True Clinical Story
Maximizing Function Competency
Mr. D. was 73 years old. He had been admitted to the geriatric unit of a
hospital where I was a clinical instructor for nursing students in their
medical-surgical nursing rotation. Mr. D. had multiple medical problems and his
care was complicated by his mild dementia. The hospital environment was
unfamiliar to him and it had multiple stimuli. Mr. D. became agitated easily.
One afternoon, Mr. D. was quite agitated. An IV push medication was ordered, to be
administered through the IV lock in his forearm. The medication was supposed to
be injected slowly over 5 minutes. Administering it more rapidly would likely
cause Mr. D.ís blood pressure to drop dangerously low.
The nursing student and I prepared for the procedure. She was very
apprehensive. This procedure required that Mr. D. hold his arm still for 5
minutes. But Mr. D. was agitated and restless, waving his arms, and moving
frequently in his bed. He was not combative, but he had the potential to become
so. What should the student do in order to administer the IV push medication
Here are my instructions to the student: "This morning, we discovered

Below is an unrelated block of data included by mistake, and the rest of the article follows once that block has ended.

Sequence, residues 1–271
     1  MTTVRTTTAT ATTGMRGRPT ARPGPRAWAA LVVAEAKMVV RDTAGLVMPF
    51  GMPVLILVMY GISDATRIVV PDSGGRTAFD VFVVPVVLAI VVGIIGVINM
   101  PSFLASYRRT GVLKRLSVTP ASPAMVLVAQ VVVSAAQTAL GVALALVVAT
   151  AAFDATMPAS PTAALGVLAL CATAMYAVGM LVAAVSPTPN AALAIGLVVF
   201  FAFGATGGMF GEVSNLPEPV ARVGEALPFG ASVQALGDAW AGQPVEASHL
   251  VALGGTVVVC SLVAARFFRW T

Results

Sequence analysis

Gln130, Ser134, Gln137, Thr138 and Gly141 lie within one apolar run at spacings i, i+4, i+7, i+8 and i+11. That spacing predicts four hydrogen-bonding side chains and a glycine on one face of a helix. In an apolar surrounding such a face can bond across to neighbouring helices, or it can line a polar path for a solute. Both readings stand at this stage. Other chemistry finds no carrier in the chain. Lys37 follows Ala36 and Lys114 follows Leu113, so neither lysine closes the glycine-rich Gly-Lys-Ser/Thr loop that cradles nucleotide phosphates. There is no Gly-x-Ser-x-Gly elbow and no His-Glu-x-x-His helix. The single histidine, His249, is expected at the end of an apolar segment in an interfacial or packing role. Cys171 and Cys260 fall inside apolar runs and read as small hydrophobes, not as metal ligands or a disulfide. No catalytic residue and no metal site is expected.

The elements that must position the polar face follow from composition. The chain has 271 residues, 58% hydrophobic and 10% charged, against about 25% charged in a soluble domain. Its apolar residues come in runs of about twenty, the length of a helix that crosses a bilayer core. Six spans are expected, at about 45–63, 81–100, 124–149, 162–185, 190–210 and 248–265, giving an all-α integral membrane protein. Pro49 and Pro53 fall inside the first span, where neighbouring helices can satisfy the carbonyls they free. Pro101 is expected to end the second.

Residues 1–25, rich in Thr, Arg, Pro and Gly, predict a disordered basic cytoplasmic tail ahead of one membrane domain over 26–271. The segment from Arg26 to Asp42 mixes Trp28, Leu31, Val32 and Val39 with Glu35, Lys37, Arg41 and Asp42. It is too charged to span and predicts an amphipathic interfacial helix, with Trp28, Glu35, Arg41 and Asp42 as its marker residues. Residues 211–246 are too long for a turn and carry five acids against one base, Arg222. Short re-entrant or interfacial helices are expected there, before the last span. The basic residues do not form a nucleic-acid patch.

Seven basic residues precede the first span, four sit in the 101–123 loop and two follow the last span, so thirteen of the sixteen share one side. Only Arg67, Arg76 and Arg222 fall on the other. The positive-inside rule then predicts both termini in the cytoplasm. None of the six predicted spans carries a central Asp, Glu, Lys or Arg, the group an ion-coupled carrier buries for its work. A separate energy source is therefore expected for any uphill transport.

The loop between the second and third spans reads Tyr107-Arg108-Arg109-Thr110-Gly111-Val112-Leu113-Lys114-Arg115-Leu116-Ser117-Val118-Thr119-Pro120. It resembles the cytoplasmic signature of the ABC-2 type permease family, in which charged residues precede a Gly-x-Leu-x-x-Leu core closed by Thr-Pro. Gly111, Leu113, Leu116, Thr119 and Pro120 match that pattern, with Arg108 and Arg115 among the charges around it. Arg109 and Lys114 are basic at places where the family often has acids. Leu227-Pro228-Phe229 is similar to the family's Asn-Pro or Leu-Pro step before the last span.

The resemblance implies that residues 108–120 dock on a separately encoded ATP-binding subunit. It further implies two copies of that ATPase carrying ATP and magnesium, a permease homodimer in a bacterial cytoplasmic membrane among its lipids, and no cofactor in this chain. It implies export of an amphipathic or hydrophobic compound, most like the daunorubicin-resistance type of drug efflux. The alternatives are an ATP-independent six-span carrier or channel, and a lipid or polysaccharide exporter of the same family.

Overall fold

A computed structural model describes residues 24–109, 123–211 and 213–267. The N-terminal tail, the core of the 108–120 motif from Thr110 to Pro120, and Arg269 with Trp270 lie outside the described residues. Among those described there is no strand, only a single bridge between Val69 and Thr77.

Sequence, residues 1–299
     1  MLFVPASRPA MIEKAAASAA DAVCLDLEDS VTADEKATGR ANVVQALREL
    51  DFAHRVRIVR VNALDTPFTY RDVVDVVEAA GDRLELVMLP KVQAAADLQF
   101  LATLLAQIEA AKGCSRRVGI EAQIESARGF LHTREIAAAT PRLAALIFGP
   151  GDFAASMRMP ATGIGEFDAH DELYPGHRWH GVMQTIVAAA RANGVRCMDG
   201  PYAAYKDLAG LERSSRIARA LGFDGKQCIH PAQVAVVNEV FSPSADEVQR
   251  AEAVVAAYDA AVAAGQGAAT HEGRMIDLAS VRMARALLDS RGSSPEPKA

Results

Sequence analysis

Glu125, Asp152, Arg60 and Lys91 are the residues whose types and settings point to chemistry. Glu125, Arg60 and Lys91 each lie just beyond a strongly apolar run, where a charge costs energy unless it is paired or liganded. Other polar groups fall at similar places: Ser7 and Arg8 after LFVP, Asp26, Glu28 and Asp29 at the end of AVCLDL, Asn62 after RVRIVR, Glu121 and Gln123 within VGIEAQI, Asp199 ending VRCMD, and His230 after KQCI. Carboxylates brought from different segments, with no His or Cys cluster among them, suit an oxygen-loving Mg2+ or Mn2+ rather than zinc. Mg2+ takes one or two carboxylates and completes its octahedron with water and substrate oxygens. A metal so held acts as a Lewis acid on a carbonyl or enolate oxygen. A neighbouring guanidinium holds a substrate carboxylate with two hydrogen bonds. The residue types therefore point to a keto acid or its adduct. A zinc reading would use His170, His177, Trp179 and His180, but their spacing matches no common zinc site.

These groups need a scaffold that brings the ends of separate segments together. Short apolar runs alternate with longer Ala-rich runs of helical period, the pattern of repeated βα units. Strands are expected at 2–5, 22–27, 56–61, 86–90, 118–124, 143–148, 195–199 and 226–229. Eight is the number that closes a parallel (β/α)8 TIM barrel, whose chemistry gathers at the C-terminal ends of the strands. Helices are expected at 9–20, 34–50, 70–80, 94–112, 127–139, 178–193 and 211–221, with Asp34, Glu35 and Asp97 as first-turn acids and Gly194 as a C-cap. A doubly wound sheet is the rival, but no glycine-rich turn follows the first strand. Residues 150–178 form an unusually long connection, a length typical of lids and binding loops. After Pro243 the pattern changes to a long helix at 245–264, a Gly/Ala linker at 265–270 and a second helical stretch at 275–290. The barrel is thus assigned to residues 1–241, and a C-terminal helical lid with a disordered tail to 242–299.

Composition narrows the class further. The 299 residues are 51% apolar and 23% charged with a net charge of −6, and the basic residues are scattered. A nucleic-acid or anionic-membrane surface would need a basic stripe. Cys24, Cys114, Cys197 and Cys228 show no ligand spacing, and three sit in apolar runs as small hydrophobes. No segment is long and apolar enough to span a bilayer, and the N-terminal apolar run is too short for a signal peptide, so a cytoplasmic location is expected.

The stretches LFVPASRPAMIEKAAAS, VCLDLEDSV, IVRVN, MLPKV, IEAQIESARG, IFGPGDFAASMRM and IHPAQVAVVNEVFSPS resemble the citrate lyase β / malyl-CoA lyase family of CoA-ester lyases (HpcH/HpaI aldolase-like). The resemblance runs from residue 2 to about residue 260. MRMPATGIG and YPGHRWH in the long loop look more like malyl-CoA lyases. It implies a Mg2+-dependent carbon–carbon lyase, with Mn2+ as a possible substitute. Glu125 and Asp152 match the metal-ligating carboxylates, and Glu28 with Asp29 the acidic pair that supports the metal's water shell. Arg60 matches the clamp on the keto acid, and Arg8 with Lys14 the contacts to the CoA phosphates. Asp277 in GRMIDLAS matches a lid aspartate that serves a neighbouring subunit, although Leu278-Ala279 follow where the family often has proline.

that is difficult to engage Mr. D. in a sustained conversation. He kept
wandering off topic and a few times he said something about a farm. So I suggest
that you use mental imagery of a farm. Sit down so you are not towering above
him. Position yourself so that you can reach his arm and can also look him
directly in the eyes. Speak in a quiet, calm voice. Create the mental image of a
farm and engage him in it. Once he is calmer, then hold his arm gently but
firmly while you administer the medication. Take him mentally to the farm and
continue the imagery for the full 5 minutes until you have administered the
medication. Meanwhile, keep watching for the physiological changes that would
indicate his blood pressure is plummeting. Iíll be in the room if you need
Can you imagine what happened?
An agitated Mr. D. became quiet and engaged as
the student spun out the verbal description of a farm.
Occasionally, she would
ask him a simple question about the color of a tractor or the sound of an animal
to keep him fully engaged. The student administered the medication over the 5
minutes without difficulty.
After she measured his blood pressure and we left
the room, the student was awestruck at what she had been able to do. She had
become so caught up in creating the image for Mr. D. that she had forgotten her
own fear. Her quiet voice, calm manner, eye contact at his level, and vivid
mental imagery of a scene that was important to Mr. D. had enabled her to avoid
a problem behavior and give safe, compassionate care.
Narrated by L. Felver, Ph.D., R.N.
To hear this story narrated by the author, use this audio